There are only a select few people on this campus who knew Scarf Boy in his pre-scarf days. There is a faint and distant memory in the minds of some Brainerd folk about the young man who used to roam the halls of Brainerd High School, neck exposed for the world to see. He was still pretty happy and energetic, but his scarf collection, among other things, was still in the closet.
Without his scarves, we cannot really call him Scarf Boy, can we?
Boy was still involved in choir and other activities, but Boy had another passion that would be discarded once he came to college. He loved to debate. Boy was on the debate team for four years, diligently researching and preparing cases. He matched himself against the formidable St. Francis debate team and could not escape the adrenaline rush of matching intellect against intellect and seeing who came out on top.
Debate team and choir? Clearly, Boy was really cool in high school…
When his transformation at Concordia began, Boy felt compelled to hide this part of him. Being happy and bubbly was a better way to make friends than being cynical and critical of the world. While no one ever told Boy to stop thinking critically, no one seemed to presume he would. He was not expected to be intelligent because he was happy, bubbly and gay. His character and worth were defined by his sexuality and scarves rather than his intellect.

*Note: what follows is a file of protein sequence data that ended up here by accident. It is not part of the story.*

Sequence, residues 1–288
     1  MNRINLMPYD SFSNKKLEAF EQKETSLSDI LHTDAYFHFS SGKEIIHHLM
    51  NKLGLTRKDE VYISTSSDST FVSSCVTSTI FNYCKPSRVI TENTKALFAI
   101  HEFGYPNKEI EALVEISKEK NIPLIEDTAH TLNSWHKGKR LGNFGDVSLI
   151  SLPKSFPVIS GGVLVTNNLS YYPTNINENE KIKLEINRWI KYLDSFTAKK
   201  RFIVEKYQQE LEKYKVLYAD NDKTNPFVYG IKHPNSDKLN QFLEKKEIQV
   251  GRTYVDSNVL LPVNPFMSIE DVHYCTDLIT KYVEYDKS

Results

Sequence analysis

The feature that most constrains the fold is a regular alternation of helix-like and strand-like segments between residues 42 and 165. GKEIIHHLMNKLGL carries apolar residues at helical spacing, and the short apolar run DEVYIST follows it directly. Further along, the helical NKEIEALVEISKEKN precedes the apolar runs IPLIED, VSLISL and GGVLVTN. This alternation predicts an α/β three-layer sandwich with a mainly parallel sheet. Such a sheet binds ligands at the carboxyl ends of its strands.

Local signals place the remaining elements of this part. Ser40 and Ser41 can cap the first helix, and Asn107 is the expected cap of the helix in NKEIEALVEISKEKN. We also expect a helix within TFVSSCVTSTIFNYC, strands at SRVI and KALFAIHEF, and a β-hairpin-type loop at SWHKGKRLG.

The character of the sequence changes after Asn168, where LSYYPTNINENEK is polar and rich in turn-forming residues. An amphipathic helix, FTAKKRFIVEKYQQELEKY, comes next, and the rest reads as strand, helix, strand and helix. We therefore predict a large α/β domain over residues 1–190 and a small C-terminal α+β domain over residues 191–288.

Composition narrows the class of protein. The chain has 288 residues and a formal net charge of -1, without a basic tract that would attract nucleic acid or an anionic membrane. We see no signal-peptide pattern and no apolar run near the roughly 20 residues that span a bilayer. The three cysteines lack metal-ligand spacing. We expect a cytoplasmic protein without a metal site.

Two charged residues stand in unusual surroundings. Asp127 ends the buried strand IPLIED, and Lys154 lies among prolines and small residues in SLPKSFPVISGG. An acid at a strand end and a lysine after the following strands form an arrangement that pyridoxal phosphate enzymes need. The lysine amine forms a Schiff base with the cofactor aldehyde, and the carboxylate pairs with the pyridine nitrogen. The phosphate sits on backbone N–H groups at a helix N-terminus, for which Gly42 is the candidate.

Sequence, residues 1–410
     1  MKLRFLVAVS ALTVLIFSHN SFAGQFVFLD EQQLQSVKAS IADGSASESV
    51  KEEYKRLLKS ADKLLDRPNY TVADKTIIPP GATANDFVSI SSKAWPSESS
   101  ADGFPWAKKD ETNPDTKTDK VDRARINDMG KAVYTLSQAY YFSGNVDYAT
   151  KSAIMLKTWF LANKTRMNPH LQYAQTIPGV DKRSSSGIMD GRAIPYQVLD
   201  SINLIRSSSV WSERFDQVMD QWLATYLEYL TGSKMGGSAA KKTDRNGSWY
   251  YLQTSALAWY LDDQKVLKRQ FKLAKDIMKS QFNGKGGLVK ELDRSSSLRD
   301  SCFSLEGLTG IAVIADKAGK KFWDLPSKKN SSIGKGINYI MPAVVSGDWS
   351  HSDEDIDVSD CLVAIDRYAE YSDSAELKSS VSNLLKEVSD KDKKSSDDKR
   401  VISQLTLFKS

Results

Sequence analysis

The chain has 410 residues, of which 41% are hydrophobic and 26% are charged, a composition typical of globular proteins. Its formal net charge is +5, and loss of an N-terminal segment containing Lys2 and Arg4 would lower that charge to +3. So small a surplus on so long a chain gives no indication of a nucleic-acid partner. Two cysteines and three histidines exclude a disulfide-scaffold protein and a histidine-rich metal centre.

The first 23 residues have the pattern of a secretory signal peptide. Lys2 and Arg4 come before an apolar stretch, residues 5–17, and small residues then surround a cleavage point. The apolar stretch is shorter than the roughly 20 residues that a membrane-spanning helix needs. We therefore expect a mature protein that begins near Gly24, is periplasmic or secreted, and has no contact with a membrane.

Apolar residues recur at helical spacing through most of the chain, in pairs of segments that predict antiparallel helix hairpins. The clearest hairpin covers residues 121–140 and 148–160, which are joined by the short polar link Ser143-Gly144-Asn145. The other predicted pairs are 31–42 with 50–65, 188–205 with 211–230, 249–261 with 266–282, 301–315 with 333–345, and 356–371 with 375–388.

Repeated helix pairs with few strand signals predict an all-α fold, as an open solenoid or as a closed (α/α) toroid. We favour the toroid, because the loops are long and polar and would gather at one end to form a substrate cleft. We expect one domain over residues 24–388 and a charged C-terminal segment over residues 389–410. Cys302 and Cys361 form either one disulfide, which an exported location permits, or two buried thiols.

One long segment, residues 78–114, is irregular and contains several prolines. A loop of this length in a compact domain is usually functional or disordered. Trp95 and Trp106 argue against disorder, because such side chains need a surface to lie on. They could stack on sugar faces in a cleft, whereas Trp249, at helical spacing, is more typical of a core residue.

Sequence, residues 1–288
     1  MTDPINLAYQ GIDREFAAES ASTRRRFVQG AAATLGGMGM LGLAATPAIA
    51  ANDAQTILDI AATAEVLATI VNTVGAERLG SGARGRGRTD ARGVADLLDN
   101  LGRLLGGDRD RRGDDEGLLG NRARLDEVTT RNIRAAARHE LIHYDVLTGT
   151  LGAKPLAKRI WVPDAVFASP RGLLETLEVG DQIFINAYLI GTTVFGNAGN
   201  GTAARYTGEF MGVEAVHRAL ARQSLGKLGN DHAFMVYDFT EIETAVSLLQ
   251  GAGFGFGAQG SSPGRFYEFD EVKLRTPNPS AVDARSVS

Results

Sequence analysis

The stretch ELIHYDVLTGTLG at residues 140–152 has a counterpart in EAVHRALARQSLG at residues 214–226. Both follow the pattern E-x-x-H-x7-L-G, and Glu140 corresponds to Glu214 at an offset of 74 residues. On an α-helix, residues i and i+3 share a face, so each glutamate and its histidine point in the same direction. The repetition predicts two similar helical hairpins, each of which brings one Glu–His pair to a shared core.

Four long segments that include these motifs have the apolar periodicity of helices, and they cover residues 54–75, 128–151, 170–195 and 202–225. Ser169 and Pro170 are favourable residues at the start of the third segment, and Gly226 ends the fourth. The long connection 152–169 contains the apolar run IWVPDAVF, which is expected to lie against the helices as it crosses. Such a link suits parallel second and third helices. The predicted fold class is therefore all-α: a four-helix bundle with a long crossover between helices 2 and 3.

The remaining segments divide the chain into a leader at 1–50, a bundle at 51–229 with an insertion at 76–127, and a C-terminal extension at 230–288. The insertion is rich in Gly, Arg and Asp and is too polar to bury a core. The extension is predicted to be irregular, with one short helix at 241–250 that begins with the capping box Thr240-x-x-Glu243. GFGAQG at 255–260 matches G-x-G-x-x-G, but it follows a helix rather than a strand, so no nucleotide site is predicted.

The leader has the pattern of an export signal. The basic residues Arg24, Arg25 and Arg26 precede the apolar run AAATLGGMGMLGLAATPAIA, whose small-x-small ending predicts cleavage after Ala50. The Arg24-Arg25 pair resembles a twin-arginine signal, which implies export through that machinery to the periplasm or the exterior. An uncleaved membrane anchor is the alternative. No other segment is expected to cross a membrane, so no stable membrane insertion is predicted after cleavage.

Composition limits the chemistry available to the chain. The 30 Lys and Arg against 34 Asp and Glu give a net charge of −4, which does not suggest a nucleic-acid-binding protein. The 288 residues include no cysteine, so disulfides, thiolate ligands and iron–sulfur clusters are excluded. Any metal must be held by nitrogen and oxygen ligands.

Plot twist: I am still Scarf Boy, and I have always felt intellectual engagement in my classroom settings here at Concordia. However, I am now proud to say that I consistently employ critical thinking in every activity I participate in.
My desire to engage in thoughtful and constructive dialogue has come back in full force my senior year. Through my position within Student Government Association, I find myself giddy at the opportunity to verbally spar with other members of the Forum. They have their own opinions, and that is great; but I have my own opinions, which are better. Just kidding! This opportunity to engage in crucial conversations provides all parties a chance to grow in their understanding, resulting in comprehensive outcomes that can inherently benefit the student body.
I also reach my intellectual fulfillment on the speech and debate team. In this environment, we are consistently pushed to engage in the affairs of the world and get pissed about the things that deserve our anger. Afterwards, most importantly, we are challenged to reflect on what we can actually do about it. We go to tournaments in which we perform pieces that demonstrate our passions, and we see what passions other people experience. This passion exchange results in a more holistic knowledge of the world and each individual’s place in it.
This desire to be engaged is not limited to classes or extracurricular activities, however. I am no longer afraid to engage in dialogue at any and every turn. If you use the word “retarded,” I will tell you the reasons why it is hurtful. If you say that test totally raped you, I will inform you about those you are affecting with your rhetoric. Never in a mean way, but in a way to ensure that both of us leave with a greater understanding of one another.
Progressive change does not stem from complete agreement; it stems from discord and the dialogue that accompanies it. I know none of us have reached our full potential, so it would be a waste to miss out on these opportunities to think critically. The now-cliché mantra of Being Responsibly Engaged in the World demands that we be strong enough to challenge the status quo and flexible enough to learn from it.